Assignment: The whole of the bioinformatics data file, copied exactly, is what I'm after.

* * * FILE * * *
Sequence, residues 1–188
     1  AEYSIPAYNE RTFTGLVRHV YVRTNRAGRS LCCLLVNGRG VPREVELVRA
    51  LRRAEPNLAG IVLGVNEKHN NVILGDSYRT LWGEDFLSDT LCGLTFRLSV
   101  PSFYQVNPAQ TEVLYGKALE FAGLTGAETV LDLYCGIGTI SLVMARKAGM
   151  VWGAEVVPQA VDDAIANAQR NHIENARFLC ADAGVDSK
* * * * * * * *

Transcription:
Sequence, residues 1–188
     1  AEYSIPAYNE RTFTGLVRHV YVRTNRAGRS LCCLLVNGRG VPREVELVRA
    51  LRRAEPNLAG IVLGVNEKHN NVILGDSYRT LWGEDFLSDT LCGLTFRLSV
   101  PSFYQVNPAQ TEVLYGKALE FAGLTGAETV LDLYCGIGTI SLVMARKAGM
   151  VWGAEVVPQA VDDAIANAQR NHIENARFLC ADAGVDSK